"At least you can be pretty when you greet the snow," I tell them as I cut, cut, cut and watch mane hair, ear tufts and chin hair fall to the ground.

Monday, December 10, 2012

Cleaning the Garden

In late fall, after I have pulled the plants and weeds from the garden, mulched part of it, and declared it done for the season, I let the chickens in.

From their interest, I gather that my cleaning was subpar.

They scratched and hunted for seeds and sprouts of green.

But what they loved best was the chard, that I thought was frozen and done for the season. Poking around among the shoots, they found bits of green -- a real delicacy at this time of the year.

Sunday, December 9, 2012

Where's Jolly? Walking with Caeli.

When I take the three Border collies on a walk, I'm usually accompanied by a Frisbee or Jolly ball.

Caeli insists on bringing a toy with her on the treks through the hay fields.

But, then she gets distracted -- by a mouse or mole or rabbit in the fence row.

And she leaves the ball behind.

And the ball sits in the 10-acre field, awaiting someone to find it.

You'd think it'd be easy to find a pink ball in a field of brown and green. But I walk back and forth until I spot it. Turning to it, I yell, "Caeli, get your ball."

The Border collie sprints toward me, and upon spotting the ball, zeroes in on it (something my camera can't do with fast-moving objects).

She picks up the ball and returns it to the yard where it awaits its next walk with the Border collies.

December conversation with Hens

Dear hens. I know the days are short, the weather is soggy, that not even a bird brain would think it's a good idea to hatch chicks in December. But is there any way you can produce more than one egg a day?

I'm not asking for a dozen. I'm thinking four would be adequate. There are 20 of you, so that would mean you'd each only have to lay two eggs a week.

I'm not just thinking of myself here. Though, I am growing tired of oatmeal in the morning, and well, I miss having eggs on that one night a week that I don't feel like cooking. But there are others to think about. You've got fans that believe your eggs are the best. Who am I to disagree?

Anyway, those fans sure would like to have eggs for Christmas morning.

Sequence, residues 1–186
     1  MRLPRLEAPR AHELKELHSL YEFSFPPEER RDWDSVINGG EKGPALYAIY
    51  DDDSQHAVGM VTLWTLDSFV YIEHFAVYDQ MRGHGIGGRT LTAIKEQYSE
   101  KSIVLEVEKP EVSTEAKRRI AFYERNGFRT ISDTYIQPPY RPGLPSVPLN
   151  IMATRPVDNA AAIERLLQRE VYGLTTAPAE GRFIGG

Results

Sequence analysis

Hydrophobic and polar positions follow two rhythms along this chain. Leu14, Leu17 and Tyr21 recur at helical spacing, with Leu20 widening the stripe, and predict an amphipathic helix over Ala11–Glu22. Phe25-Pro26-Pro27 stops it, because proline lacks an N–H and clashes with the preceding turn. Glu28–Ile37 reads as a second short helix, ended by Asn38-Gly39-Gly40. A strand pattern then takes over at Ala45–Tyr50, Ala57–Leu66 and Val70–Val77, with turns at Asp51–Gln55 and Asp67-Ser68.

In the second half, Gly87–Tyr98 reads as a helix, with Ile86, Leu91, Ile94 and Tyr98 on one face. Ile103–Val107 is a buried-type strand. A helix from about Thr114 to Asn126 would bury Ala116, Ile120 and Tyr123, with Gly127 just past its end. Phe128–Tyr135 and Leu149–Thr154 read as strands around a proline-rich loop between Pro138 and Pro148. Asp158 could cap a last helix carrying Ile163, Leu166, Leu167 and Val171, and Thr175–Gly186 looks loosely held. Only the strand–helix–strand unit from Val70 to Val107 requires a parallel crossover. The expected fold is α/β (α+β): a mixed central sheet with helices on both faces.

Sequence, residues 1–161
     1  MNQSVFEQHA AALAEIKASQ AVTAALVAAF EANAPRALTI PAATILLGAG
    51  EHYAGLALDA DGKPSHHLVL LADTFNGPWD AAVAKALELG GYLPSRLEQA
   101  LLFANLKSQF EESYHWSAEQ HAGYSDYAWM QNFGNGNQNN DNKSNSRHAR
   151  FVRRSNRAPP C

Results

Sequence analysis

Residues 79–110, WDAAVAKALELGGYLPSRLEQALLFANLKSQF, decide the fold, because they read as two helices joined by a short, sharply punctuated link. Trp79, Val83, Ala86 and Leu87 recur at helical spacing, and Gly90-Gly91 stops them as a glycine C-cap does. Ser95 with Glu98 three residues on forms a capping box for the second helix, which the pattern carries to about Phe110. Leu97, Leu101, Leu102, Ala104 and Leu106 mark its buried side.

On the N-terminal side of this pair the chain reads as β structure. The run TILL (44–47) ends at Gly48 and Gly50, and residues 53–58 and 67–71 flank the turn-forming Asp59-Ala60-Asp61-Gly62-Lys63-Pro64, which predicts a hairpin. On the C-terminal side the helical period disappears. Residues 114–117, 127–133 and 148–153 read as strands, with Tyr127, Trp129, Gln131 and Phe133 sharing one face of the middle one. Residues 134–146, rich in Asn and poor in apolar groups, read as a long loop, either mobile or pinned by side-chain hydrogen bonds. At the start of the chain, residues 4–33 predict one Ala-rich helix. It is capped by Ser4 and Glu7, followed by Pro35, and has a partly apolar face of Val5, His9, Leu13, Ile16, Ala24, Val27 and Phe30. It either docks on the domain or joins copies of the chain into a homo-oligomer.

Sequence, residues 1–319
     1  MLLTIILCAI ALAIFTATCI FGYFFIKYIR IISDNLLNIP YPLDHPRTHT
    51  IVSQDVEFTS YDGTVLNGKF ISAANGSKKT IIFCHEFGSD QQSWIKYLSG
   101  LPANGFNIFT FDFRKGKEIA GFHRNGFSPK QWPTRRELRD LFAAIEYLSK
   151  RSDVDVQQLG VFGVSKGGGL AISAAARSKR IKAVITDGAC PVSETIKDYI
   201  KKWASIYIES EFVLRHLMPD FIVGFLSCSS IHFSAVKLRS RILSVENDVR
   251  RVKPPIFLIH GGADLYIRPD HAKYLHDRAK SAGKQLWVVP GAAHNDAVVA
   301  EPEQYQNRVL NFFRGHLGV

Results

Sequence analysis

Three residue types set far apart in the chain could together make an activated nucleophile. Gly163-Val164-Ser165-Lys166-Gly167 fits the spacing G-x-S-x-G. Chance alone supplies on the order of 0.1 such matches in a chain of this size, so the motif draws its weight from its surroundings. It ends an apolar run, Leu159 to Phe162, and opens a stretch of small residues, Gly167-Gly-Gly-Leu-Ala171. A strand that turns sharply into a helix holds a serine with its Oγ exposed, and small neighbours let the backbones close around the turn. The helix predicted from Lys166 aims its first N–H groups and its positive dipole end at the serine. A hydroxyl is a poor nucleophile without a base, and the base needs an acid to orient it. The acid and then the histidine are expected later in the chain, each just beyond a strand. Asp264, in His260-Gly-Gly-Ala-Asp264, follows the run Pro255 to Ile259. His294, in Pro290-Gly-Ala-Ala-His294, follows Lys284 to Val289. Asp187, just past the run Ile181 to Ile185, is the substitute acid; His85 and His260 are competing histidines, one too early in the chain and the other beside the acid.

And then there's the baking. All those cookies require eggs.

So what do you think? Four eggs a day?

The hens fluff their feathers and hunker deeper into their nesting boxes.

"How about lights?" they murmur. "Strings of Christmas lights both in and out of the coop would brighten things up."

"Bah humbug," I say.

"Bah humbug," they reply.

I eat my toast for breakfast, thinking how much better it'd be with an egg.

Friday, December 7, 2012

No One is Happy

When the soggy rains of December hit, I keep the sheep and horses in the paddocks so they don't tear up the turf.

They would rather graze in the rain than eat hay in the shelter.

The dogs get limited walks because I don't like slogging through wet hay fields that soak my pant legs up to the knees.

Dewey Kitty doesn't want to sit on the back porch and watch the rain, and he definitely doesn't want to venture out and get his paws wet.

I am not happy about all of the mud that comes inside on shoes, feet, and fur.

I try to tell myself that at least I don't have to break ice from water buckets, and that we aren't burning much wood.

But I find myself looking at the weather forecast, searching for temperatures in the 20s.

Wednesday, December 5, 2012

Pretty in Brown

"They were out of brown," my  husband said when I opened the box containing the fleece-lined, sweatshirt jacket. "All they had left were pink and purple. I figured the purple was the least offensive."

"I'll check the Greenville TSC," I said.

Unless ordering from a catalog, farm clothes come from TSC. But not all Tractor Supply Company stores are equal. Those near populated areas are small. Those in rural areas are usually twice the size. If a brown sweatshirt was to be found, it'd be at the Greenville TSC.

When I entered the Greenville TSC, I found the sweatshirts hanging on a round rack. Of the dozens of sweatshirts, most were pink and purple. Five were brown. I found the only medium one and grabbed it.